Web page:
NASHVILLE, Tenn. - The president of the National Organization for Women declared a "state of emergency" for women's rights and planned a march on the state Capitol as news of Sandra Day O'Connor's retirement reverberated through the group's annual convention.
NOW president Kim Gandy told about 800 NOW members Friday that women need to send a message that they won't tolerate "extremist" judges who set back women's rights.
"This is our time. This is our challenge," Gandy said as the crowd replied by clapping and chanting, "Hell no, we won't go" and "We won't go back."
The group shifted the agenda for their three-day convention to include a march to the Tennessee Capitol on Saturday to "make sure Senator Frist and all senators are going to hear our voices. We're going to march on every Capitol in this country," Gandy said.
The first woman on the Supreme Court, O'Connor was often the swing vote on 5-4 decisions supporting abortion, affirmative action and other contentious social issues. Her retirement leaves Justice Ruth Bader Ginsburg as the only woman on the court.
Gandy and former NOW president Eleanor Smeal, now president of the Feminist Majority Foundation, praised O'Connor as a moderate.
"Twenty-four years ago, as president of the National Organization for Women, I testified for Sandra Day O'Connor before the Senate Judiciary Committee," Smeal said. "I knew then that O'Connor, although a conservative voice, would be one who would not permit the elimination of women's fundamental rights, including the right to privacy."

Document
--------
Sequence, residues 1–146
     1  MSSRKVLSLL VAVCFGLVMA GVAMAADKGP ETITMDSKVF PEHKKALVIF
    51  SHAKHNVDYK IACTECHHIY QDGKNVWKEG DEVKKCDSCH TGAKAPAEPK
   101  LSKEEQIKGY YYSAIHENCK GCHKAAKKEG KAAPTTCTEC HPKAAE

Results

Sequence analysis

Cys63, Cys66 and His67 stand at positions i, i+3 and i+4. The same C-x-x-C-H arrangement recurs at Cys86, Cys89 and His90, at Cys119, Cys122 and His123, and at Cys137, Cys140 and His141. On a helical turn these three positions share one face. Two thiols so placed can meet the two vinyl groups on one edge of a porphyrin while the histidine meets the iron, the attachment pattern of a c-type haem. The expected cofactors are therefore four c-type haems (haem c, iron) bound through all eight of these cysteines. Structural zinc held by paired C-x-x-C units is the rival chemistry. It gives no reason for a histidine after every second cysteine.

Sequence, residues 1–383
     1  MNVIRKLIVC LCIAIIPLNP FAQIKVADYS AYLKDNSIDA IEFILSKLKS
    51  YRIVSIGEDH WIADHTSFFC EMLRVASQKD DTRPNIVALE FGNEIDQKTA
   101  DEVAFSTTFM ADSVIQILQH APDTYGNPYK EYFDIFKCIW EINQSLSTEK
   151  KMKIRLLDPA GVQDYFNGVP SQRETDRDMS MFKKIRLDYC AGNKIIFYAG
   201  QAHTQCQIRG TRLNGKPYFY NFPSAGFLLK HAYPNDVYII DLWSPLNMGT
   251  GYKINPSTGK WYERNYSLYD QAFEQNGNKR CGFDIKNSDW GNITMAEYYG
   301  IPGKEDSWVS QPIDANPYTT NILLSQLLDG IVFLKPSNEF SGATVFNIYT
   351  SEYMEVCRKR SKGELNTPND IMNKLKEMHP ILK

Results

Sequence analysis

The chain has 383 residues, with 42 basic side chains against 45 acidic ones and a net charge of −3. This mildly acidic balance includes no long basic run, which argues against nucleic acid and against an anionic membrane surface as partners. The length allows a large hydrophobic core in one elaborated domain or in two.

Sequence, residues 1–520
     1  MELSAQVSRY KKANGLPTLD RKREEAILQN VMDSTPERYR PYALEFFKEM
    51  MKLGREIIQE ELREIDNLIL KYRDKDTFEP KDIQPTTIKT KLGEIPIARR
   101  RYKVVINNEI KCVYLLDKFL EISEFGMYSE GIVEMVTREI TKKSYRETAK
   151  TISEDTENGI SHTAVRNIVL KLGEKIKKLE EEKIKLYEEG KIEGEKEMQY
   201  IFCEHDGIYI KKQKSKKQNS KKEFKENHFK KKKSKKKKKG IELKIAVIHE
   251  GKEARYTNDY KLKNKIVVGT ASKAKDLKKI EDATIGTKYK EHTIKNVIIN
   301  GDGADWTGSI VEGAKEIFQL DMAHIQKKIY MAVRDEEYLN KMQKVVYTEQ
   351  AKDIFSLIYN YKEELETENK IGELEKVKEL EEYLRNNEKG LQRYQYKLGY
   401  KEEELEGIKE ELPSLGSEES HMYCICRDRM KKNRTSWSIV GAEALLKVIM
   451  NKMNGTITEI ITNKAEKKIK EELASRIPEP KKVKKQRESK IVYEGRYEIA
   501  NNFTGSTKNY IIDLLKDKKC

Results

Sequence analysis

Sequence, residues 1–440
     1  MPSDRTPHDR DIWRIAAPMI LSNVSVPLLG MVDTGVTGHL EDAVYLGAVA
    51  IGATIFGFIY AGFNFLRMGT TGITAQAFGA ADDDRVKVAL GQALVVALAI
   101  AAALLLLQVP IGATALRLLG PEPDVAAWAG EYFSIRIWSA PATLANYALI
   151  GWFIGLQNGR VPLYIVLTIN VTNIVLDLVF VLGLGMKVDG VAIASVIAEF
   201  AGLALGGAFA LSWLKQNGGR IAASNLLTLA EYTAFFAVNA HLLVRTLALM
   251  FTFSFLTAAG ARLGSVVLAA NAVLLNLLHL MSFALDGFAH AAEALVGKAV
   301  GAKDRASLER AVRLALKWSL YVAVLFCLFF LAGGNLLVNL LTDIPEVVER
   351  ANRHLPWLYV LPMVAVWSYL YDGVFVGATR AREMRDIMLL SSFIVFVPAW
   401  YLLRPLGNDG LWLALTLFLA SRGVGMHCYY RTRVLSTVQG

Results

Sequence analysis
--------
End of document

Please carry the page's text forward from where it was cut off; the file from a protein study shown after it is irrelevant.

Gandy said the group fears "a nominee along the lines of some of the extremist judges that have been put on the appellate court by George Bush."
NOW members are set to elect their president Saturday night. Gandy, elected in 2001, is being challenged by Rosemary J. Dempsey, a Connecticut lawyer who's held several national and state leadership roles since joining NOW in 1970.
Dempsey wants to focus on attracting younger members and opposing President Bush's economic agenda, which she says inflicts disproportionate harm on women.
"We were effective in the 70s, and we're effective now," Dempsey said. "But there has been a backlash. Most young women don't know about NOW these days. If NOW is visible and relevant where they (young members) live, that's what makes NOW powerful."
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